This is embarrassing, because I'll sound as if I'm denying a bad review, but I don't remember a review that said my books were too much like historical romances. So I don't really have an answer to this. There is some romance in The Apothecary Rose. I remember worrying about the title, fearing it sounded like a romance. I changed it to something sounding more like a crime novel (Death Has No Remedy, I think), but my first editor reinstated the original title. He thought it was perfect.

I understand you wrote two novels before The Apothecary Rose. Whatever happened to those? Might we someday see them transformed into Owen Archer tales?

Actually, one novel and bits and pieces of another, as well as a slew of short fiction set in the not-too-distant future that I intended as loosely connected stories a la The Joy Luck Club or Winesburg, Ohio. I think the novel will reappear someday as a complete reworking of the original -- I still like the theme: a shaman, or healer, in conflict with the Church authorities during the first horrible visitation of the Black Death. But it won't be a part of the Owen Archer mysteries. As for the futuristic tales, I've rather lost interest in them at the moment. I found them depressing to write -- my vision of the future was quite bleak. Some of the characters have probably already been reworked into characters in this series. In fact, just thinking about those stories, I recognize bits of Lucie, Owen, and [midwife] Magda [Digby] in those characters.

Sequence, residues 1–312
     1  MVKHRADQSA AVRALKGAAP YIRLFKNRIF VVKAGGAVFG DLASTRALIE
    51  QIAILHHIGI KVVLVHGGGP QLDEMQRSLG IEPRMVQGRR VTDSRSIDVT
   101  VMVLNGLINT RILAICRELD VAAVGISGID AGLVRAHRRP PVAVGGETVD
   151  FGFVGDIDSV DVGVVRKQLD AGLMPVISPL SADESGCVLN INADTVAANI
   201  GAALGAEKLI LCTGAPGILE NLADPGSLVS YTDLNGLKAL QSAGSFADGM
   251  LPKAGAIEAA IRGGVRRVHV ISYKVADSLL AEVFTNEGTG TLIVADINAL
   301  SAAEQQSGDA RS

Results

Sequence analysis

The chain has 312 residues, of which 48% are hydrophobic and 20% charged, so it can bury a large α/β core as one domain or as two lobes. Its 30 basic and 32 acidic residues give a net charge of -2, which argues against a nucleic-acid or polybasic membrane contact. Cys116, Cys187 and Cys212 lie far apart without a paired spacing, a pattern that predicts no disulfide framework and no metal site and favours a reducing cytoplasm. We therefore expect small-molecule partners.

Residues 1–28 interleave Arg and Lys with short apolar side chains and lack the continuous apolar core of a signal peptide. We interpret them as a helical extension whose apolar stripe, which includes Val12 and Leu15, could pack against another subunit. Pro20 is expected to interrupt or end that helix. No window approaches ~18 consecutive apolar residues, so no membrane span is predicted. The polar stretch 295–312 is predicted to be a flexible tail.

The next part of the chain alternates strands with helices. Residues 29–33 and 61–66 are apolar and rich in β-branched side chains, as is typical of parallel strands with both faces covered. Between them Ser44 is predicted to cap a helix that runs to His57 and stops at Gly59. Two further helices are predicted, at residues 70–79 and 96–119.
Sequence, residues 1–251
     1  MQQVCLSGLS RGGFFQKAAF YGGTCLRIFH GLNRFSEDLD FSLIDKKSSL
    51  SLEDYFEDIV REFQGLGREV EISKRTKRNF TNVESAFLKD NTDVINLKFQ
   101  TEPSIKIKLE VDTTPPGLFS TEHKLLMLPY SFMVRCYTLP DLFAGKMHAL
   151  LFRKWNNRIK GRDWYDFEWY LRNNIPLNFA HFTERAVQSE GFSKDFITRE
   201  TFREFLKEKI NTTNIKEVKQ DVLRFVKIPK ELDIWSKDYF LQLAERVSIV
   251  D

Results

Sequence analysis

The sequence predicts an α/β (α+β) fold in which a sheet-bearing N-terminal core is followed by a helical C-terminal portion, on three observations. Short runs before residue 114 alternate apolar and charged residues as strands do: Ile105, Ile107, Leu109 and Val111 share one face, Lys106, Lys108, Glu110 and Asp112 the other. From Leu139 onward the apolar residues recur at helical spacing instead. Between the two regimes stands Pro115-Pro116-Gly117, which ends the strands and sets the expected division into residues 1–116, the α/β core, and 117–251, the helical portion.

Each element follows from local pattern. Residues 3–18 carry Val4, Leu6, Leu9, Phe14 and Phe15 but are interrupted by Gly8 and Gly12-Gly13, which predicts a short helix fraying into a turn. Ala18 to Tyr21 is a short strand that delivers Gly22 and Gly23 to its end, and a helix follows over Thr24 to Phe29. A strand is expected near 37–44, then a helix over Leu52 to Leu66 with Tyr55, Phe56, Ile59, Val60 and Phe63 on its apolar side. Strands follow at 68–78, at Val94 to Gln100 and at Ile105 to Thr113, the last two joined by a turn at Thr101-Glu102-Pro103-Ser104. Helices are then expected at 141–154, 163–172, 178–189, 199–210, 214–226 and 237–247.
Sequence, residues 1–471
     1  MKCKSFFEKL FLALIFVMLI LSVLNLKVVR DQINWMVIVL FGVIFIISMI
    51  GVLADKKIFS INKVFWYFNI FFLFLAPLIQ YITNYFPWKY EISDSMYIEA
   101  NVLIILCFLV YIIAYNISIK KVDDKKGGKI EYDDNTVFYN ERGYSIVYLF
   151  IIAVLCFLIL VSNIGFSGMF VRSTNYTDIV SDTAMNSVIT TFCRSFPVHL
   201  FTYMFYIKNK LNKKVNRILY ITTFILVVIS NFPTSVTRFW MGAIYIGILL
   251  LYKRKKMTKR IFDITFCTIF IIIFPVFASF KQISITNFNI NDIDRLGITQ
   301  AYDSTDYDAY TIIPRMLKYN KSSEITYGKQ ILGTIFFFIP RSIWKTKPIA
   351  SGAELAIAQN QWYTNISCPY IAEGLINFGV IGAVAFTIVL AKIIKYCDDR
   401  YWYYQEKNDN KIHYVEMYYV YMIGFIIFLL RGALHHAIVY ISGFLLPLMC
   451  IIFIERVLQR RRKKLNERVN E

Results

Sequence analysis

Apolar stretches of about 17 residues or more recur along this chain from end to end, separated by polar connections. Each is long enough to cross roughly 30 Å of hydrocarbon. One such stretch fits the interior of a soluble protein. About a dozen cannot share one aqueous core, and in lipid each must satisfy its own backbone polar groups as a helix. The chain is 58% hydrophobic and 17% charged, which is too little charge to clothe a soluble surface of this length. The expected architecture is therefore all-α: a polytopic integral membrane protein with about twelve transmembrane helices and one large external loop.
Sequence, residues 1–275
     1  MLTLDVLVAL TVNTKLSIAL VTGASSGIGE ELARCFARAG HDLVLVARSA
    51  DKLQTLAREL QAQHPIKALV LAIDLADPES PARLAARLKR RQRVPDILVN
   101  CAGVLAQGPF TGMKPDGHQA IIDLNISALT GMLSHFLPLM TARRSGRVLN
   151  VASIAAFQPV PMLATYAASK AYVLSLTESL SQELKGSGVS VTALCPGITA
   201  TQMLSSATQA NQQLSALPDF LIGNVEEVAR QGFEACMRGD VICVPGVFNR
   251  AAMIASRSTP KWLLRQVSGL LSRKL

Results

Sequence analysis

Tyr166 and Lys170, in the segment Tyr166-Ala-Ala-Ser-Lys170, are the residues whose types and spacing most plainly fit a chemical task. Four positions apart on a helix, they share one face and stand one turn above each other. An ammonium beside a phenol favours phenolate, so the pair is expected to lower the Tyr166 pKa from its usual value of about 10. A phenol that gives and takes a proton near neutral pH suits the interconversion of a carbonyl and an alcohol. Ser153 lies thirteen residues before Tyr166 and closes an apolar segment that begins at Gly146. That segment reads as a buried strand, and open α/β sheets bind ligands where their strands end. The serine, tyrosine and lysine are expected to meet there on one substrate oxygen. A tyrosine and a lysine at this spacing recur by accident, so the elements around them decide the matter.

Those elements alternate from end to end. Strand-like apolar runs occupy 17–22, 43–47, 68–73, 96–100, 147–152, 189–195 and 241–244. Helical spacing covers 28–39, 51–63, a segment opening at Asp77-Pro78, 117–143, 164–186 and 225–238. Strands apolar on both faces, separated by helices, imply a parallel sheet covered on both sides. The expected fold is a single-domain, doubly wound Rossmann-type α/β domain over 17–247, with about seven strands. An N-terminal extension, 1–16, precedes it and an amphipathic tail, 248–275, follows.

How did you choose a retired captain of archers as your sleuth in this series? What was it about his background that made him an ideal amateur detective?

I was reading Robert Hardy on the longbow and playing around with the stance in a mirror when it hit me that a right-handed archer sighted with his left eye dominant. I explored how difficult it might be to readjust that to the right eye, and realized it was possible, but very, very difficult. Now why I was thinking about an archer being blinded I cannot really say -- that's the sort of thing that catches my imagination when I read. But a character insinuated himself into my musings, a Welshman who had risen through the ranks in the forces of Henry of Grosmont, considered one of the most splendid military minds of his time. This Welshman had reached the top of his career. And then he had his world shattered by being blinded in the left eye. How would that change him? I liked the brooding possibilities, the self-imposed change of career (it is Owen's distrust of himself that causes his resignation, not Grosmont's). And the "detective" I needed to tell Lucie and Nicholas' story [in The Apothecary Rose] was standing before me, complete with name. I owe a lot to Robert Hardy...